Monday, September 28, 2015

In the Blink of a Wicked Eye (Timothy C. Hobbs)

The inherent difficulty with publishing a collection of 37 horror stories ranging from short to very short is that no one has that many ideas, and the author's bag of tricks is likely to be depleted all too fast. I regret to say that proves to be the case with Timothy C. Hobbs' handsome volume In the Blink of a Wicked Eye.

Let me put a couple of admissions out of the way. Although I am a great fan of good horror movies, I have never been much of a reader of horror fiction beyond some of the acknowledged classics such as Dracula. Although the aesthetic of horror interests me - Stephen King's non-fiction study Danse Macabre is a classic on that theme - the execution on the page often fails to excite me.

Also, when I picked up this book I was primed for surprising short stories - by the author himself, who referred to The Twilight Zone in his review request. Well, there he was hitting one of my buttons, because I yield to none in my admiration of what Rod Serling and his collaborators achieved in that groundbreaking series. Even the weaker episodes are pretty darn good in the larger scheme of things.

Although many of the best-remembered Twilight Zone episodes do depend on a final twist, it was by no means just a Surprise-of-the-Week show. Sheer mood counted for an enormous amount.

However, there is no denying that the series did surprises very well - and like the best movies that have employed a trick ending, in the process The Twilight Zone destroyed plenty of the potential ones, forevermore. There are only so many possible tricks, and fans and aficionados know better than ordinary viewers and readers what they are and how they are set up. Popular narratives, alas, do not offer endless possibilities, and even less so when the subjects of stories are already embedded in the popular consciousness.

All the best-known horror tropes and characters - vampires, zombies, serial killers, and so on - are badly overexposed. Good luck trying to surprise anyone in any of those sub-genres nowadays.


This is what Hobbs runs up against with his stories - that, and the fact that his particular style and manner of resolving situations becomes familiar to the reader quickly. The tales are not bad (although I could have lived without the couple of Nazisploitation items). But the reader all too rapidly discerns that:

  • The stories will end horribly.
  • If the protagonist can be consumed in some way, hey, it's going to happen.
  • Biology is ugly, man. 
  • Even if it's Halloween night, if it LOOKS like a vampire or a killer clown or whatever - it is, it definitely is!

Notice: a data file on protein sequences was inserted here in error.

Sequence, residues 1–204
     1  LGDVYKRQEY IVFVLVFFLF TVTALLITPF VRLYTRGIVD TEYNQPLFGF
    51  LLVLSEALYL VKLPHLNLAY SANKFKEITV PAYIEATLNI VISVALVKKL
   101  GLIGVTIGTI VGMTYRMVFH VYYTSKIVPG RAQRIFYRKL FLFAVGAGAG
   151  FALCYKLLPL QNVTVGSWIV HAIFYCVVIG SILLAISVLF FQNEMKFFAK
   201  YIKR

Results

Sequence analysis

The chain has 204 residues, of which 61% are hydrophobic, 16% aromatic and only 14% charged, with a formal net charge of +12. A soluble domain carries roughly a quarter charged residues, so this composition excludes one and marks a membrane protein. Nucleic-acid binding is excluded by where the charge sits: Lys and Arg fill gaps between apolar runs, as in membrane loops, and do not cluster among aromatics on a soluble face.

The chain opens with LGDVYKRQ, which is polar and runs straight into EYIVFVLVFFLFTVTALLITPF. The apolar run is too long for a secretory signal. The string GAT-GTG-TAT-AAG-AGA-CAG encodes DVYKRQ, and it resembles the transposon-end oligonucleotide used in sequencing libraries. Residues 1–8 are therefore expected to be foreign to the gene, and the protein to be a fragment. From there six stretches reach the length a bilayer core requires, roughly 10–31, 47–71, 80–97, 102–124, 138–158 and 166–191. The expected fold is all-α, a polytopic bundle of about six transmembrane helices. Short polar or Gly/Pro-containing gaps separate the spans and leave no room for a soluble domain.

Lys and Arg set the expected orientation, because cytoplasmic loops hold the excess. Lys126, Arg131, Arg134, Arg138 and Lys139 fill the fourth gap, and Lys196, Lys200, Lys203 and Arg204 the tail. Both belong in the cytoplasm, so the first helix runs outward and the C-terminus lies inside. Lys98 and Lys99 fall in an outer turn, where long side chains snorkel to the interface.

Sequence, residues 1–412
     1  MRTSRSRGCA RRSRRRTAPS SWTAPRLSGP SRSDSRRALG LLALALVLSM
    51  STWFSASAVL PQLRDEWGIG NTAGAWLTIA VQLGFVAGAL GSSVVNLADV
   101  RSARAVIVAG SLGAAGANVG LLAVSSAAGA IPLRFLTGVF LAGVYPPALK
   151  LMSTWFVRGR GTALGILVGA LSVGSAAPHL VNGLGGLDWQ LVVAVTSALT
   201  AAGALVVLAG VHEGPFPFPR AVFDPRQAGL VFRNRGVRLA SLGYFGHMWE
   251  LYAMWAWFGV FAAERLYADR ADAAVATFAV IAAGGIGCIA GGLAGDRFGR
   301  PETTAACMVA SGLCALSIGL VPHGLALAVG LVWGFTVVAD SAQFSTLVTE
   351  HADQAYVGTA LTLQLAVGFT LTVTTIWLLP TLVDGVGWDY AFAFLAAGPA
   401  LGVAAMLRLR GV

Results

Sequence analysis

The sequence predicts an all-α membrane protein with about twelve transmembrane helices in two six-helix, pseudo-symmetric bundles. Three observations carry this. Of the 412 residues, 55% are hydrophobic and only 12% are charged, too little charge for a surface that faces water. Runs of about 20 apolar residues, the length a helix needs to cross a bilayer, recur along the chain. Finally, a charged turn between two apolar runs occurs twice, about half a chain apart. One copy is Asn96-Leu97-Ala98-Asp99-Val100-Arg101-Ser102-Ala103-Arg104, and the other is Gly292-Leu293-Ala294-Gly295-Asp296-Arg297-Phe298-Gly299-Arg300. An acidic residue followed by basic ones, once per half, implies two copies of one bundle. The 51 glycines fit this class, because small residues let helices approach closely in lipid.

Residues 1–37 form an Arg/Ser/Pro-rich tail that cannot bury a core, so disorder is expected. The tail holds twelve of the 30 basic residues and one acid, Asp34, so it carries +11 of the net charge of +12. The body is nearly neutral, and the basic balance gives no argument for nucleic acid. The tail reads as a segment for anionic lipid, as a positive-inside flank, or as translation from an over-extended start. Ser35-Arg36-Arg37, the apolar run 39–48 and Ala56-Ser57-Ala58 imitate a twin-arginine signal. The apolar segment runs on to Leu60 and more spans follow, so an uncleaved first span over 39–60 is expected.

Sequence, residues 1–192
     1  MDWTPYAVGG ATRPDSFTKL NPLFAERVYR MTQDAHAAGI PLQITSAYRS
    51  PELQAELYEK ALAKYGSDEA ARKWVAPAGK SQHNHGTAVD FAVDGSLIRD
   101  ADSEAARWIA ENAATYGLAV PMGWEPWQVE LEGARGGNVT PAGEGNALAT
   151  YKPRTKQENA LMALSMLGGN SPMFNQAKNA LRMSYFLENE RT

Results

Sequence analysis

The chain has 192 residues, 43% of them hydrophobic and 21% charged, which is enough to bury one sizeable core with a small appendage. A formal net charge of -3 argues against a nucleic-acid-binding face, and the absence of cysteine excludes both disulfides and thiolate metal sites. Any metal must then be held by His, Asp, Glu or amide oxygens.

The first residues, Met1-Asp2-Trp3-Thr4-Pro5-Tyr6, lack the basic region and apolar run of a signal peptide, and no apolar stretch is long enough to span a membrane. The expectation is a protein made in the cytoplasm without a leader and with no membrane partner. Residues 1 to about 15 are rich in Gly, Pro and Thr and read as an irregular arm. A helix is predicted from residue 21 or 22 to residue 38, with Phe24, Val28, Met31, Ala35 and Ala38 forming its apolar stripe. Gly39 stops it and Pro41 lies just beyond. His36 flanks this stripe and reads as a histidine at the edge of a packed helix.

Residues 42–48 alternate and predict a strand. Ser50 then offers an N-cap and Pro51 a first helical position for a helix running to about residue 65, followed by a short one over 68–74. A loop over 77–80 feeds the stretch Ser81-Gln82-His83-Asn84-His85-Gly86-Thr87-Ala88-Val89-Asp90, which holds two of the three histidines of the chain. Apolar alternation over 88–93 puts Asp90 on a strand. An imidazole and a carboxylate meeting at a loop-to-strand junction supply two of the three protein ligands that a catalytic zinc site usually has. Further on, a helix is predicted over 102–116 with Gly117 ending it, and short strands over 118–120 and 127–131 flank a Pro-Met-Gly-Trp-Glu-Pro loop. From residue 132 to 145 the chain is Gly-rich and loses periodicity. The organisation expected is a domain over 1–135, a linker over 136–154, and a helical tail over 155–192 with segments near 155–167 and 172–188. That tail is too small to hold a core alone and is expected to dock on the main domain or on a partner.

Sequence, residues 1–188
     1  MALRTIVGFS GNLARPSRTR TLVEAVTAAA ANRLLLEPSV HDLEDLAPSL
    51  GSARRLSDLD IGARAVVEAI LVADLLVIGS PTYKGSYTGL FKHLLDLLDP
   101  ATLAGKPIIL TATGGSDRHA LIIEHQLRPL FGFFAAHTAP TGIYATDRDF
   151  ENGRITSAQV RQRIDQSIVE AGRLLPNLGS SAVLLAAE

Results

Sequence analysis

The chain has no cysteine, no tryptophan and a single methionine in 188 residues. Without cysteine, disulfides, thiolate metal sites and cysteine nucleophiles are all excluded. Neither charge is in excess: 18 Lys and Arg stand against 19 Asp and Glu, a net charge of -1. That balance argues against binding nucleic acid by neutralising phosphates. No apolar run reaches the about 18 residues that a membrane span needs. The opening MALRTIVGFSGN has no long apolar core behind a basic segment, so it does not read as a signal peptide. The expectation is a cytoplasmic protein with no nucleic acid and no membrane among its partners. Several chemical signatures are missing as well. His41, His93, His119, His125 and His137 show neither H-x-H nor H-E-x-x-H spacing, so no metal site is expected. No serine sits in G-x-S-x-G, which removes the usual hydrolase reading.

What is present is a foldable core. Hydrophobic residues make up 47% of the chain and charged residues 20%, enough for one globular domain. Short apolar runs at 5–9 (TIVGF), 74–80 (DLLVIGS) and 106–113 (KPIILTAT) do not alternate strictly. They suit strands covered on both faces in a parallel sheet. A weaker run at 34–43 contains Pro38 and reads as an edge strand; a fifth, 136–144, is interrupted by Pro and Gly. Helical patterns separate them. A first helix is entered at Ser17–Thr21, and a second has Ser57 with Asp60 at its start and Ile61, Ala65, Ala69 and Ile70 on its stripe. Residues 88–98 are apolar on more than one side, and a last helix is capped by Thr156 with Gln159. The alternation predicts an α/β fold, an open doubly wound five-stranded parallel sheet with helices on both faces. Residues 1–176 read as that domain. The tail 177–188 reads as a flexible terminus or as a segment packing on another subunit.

• If the house looks haunted, it is. If the old couple seems creepy, they are. If the container warns you not to open it, don't open it. And so on...
Notice that, once you have become used to the patterns, these denouements are not surprises, they are anti-surprises.

Stephen King divides horror into suggestive terror, visible horror, and the gross-out. Because the stories in Wicked Eye are so short, Hobbs winds up cutting to the icky chase fairly quickly in most instances. This is E.C. Comics territory much more than it is Twilight Zone territory, and I can feel Hobbs going more than once for the bravura theatricality and sick humor of The Vault of Horror, The Haunt of Fear, and Tales from the Crypt. I respect that ambition, but it is a hard target to hit, and there is a quality built into the horror comics genre that enables it to be hit more readily (also, the E.C. team was wicked talented).

If we take a look at this relatively tame Vault of Horror cover, we see that it memorably captures so many of Hobbs' favored themes - a holiday setting, an undermining of family relationships and cheerful surfaces - in a way that hits you right in the eye. Hobbs never really gets that close to that kind of impact.


I like Hobbs' work better when it mines the melancholy, as in the understated and affecting dystopian story "Dissolution." Even though dystopias are a dime a dozen these days, this story might stand expansion into a longer form. The futuristic hired killer story "Moondance" and the brief science fiction sketch "Emissaries" also push against the boundaries of their length and stand out simply because they veer off the template of the overall collection.

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